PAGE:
A case at the Dubai Court of Cassation was overturned based on a procedural error by the public prosecutor and police. Al Rowaad Advocates and Legal Consultancy represented a client from an African country who was accused and detained for possession and use of narcotic drugs such as hashish and marijuana. Our client, along with six other individuals, was accused of illegal possession of hashish and marijuana in December 2013.
Police and anti-narcotic CID agents obtained information from their reliable sources indicating that our client, along with his acquaintances, who were residing in Dubai Marina, possessed drugs and had been witnessed using those drugs in the privacy of their homes. In these kinds of matters, if the police obtain any conclusive evidence or information they are obliged to seek permission and an order from the Public Prosecution to carry out serious investigations. This order should come from the Public Prosecutor himself and the names of the accused should be mentioned along with a timeframe to execute that order. This is pursuant to Article 221 and Article 228 of the Criminal Procedure laws.
After obtaining the investigation and search warrant, Police raided the apartment of one of our client’s acquaintances. They found quantities of marijuana and hashish. Our client happened to enter the apartment whilst police were carrying out their investigations. Police suspected that our client might be involved with his acquaintances – which led them to search and conduct medical tests on our client. Police concluded that our client, along with his acquaintances, was, in fact, using drugs and possessed a small quantity of hashish on him. They were all immediately detained and taken to the police station. Our client later confessed to possessing and using drugs in the privacy of his home.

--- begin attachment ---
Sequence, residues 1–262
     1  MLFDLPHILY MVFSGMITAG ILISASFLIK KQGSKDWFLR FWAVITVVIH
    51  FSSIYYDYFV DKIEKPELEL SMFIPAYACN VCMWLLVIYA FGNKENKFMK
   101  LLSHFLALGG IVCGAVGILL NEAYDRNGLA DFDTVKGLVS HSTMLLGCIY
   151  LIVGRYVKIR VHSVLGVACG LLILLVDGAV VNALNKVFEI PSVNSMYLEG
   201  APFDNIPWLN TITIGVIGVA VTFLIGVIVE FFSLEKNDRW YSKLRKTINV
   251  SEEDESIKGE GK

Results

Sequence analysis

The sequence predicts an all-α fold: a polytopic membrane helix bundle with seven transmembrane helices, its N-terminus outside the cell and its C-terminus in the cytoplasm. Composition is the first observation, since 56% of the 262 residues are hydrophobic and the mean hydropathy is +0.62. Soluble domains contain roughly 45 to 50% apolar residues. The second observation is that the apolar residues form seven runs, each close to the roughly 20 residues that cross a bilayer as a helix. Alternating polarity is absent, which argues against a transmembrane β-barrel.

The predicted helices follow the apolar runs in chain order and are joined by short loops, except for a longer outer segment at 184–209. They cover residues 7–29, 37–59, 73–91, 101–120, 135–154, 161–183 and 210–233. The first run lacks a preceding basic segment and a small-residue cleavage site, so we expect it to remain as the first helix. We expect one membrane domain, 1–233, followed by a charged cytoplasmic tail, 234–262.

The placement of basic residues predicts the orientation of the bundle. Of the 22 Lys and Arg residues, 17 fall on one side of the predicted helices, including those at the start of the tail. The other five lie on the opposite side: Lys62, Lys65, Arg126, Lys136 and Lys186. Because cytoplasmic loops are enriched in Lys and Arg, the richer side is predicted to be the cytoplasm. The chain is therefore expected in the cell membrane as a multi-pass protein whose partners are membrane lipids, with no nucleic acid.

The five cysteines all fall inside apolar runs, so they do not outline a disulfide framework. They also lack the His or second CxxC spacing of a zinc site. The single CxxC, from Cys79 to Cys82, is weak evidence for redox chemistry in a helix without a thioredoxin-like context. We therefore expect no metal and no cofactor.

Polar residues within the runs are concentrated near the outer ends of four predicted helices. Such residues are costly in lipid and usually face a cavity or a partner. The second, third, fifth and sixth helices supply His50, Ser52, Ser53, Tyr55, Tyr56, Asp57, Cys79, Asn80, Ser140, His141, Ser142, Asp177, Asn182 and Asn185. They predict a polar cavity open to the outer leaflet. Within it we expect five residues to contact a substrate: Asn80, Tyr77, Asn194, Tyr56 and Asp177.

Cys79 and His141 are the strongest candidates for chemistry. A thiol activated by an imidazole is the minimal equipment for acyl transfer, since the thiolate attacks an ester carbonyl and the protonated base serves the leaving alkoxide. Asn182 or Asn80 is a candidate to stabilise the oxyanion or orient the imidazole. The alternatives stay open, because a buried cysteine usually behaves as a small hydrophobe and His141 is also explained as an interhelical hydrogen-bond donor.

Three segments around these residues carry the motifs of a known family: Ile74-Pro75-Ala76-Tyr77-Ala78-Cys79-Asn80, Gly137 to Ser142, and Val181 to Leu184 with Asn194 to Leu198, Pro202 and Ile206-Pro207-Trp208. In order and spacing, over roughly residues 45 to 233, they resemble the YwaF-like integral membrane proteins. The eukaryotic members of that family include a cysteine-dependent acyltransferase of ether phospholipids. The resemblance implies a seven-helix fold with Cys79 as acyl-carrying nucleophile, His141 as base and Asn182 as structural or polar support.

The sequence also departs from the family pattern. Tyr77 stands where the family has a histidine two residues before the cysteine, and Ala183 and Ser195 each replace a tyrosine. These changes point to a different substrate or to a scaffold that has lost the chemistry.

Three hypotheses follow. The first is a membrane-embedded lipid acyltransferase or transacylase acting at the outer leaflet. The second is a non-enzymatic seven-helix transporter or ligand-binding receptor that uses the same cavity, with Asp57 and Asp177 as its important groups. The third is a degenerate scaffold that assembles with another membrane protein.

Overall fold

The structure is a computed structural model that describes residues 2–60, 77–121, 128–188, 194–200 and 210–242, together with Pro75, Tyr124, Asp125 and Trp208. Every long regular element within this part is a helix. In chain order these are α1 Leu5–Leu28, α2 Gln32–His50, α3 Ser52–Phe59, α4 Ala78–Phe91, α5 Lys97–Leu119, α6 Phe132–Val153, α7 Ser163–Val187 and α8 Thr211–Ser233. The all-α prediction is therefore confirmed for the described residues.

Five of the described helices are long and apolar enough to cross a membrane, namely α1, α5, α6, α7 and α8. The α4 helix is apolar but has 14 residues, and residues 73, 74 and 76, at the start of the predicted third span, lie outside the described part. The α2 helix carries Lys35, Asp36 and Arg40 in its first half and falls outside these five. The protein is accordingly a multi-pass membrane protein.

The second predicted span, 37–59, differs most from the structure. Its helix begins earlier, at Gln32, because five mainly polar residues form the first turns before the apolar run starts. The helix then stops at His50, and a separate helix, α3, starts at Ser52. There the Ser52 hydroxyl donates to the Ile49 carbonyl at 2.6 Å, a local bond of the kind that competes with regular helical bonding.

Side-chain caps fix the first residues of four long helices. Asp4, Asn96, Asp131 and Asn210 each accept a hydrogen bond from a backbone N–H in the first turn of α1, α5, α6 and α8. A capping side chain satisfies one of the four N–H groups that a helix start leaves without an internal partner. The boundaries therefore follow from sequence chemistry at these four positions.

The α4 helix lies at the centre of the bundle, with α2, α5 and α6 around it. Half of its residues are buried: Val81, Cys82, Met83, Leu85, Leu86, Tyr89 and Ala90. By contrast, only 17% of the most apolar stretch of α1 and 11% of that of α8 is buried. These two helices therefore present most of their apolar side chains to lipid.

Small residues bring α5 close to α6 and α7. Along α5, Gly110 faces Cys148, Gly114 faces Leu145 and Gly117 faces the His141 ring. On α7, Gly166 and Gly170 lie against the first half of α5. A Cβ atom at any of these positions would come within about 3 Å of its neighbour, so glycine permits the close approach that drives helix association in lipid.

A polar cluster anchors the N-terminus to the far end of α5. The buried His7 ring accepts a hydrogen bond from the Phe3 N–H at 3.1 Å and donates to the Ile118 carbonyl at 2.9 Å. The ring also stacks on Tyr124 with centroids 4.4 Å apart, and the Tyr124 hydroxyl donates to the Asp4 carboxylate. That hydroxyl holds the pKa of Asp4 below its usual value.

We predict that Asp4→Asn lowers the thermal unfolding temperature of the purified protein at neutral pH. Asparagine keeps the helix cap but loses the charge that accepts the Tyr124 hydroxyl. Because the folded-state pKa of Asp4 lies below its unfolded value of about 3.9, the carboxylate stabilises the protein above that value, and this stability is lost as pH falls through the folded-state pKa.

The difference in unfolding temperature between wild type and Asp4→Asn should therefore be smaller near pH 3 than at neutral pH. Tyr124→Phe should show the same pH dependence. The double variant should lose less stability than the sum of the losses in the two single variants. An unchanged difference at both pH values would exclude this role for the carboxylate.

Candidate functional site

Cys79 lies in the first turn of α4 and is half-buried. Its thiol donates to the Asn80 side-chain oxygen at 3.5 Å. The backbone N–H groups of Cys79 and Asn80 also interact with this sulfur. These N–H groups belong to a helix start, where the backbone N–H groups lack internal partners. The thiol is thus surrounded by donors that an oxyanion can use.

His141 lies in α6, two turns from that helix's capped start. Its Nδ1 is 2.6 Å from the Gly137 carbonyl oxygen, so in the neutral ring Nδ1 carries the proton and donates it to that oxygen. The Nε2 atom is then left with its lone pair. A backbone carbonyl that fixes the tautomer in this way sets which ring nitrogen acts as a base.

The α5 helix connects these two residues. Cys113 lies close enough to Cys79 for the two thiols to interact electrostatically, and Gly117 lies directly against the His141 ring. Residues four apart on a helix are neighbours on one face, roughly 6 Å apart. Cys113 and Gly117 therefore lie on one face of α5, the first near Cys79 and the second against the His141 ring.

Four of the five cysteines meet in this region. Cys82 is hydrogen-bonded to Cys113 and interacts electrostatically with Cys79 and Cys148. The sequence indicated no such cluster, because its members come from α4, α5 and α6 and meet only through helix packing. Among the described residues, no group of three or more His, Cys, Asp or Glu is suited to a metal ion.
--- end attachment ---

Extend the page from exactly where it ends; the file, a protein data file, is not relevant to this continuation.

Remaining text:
After his arrest, the Public Prosecutor transferred the matter to the Criminal Court to render a judgment for possession and use of drugs. Our client sought legal assistance and appointed Al Rowaad Advocates as his attorneys to represent him in this matter. Before the Court of First Instance, we argued that the police and Public Prosecution made a serious error in not following criminal procedure laws prior to our client’s arrest. The Court of First Instance ruled that all the accused had confessed to possession of drugs, hence they should be held guilty for possession and use of illegal drugs. The case was then referred to the Court of Appeal. Our argument, before the Court of Appeal, was that police should have requested a search warrant and investigation order from the Public Prosecutor after obtaining a conclusive piece of evidence indicating our client’s involvement in possession of drugs. The search warrant that police had did not state the name of our client and did not indicate the timeframe to execute the Prosecutor’s order. Despite all of our efforts to obtain a favourable judgment, the Court of Appeal rejected all arguments and sustained the judgment rendered by the Court of First Instance.
The matter was then referred to the Court of Cassation. Our arguments, before the Court of Cassation, in summary, was the serious error during the investigation procedure along with a lack of conclusive evidence indicating our client’s involvement in possession of drugs. We further argued that our client’s confession and admission should not be taken into account because the mere admission of possession resulted from a serious error in procedure. Therefore admission of possession should be rendered null and void because of the void procedural conduct by the police and Public Prosecution. As a result, the Court of Cassation transferred the matter back to the Court of Appeal to further investigate the matter. The Court of Appeal shall endeavour to produce more evidence to render a final verdict in this matter.
Author: Mr. Hassan Elhais, along with his team of legal consultants and prominent local lawyers across the UAE, has made a name for himself as a renowned specialist in the fields of civil law, construction law, banking law, criminal law, family law, inheritance law and arbitration.